“People are mistaking economic issues for ethnic issues. What people are really concerned about is the economy and jobs, and that is starting to look up,” he told IRIN, referring to a recent spike in investment in the mining sector, and mining reform that could increase the government’s share in the sector by up to 35 percent.

“We are committed morally and religiously to reconciliation,” Naïte said. “We need to have a debate about the problems that have been posed. There is a sense of frustration in the country, and deepening poverty has accentuated some tensions, but the roots are much more in poverty than in ethnicity.”

Guineans have become poorer in the past 15 years. In 1995 some 40 percent of the population was living in poverty, but in 2010 this figure reached 58 percent, according to the UN.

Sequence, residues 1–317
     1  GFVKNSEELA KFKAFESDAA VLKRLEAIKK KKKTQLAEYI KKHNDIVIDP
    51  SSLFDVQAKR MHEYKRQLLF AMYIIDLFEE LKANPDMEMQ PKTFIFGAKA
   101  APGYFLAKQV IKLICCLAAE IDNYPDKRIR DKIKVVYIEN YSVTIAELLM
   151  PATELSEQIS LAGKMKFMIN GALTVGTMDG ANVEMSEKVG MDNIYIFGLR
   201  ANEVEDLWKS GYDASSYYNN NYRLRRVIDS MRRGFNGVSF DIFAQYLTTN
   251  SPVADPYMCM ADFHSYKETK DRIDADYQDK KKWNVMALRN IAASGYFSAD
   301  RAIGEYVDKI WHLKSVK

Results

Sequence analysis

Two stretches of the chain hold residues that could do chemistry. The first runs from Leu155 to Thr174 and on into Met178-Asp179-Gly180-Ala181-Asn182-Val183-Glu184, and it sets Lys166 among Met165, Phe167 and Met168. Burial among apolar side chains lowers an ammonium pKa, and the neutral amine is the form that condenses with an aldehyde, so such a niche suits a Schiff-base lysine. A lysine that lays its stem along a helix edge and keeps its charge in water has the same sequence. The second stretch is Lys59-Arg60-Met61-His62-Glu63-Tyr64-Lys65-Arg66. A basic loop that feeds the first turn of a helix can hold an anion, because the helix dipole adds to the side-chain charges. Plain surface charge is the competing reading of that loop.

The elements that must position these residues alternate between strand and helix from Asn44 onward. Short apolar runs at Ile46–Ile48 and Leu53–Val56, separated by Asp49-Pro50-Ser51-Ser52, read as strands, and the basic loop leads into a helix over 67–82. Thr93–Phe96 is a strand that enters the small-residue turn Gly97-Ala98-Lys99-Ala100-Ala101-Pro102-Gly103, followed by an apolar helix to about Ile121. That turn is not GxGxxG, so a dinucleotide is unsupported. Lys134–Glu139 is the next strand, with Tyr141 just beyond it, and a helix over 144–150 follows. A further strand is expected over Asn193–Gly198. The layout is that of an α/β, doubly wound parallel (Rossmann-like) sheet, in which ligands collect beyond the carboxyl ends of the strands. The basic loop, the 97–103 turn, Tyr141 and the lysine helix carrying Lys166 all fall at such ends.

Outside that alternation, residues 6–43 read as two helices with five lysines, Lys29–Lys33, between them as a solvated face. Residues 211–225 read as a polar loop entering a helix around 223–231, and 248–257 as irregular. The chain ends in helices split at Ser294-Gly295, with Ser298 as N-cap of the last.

Ousmane Balde, head of International Alert, a conflict resolution non-profit, agrees. “The biggest danger in Guinea is poverty. One percent of the population takes most of the country’s revenue – it is very corrupt – yet this is somehow socially tolerated.”

HRW’s Dufka said poverty need not be divisive. “All ethnic groups have suffered from bad governance, corruption and a weak rule of law,” she pointed out.

Marriages, baptisms

Some worry that politically driven ethnic division has seeped into communities, creating tension where previously there had been inclusion and tolerance. For instance, in the city of Conakry, most marriages and baptisms have traditionally been inclusive events to which all ethnic groups were invited. Dufka told IRIN that lately she has heard of more ceremonies being limited to one group or another.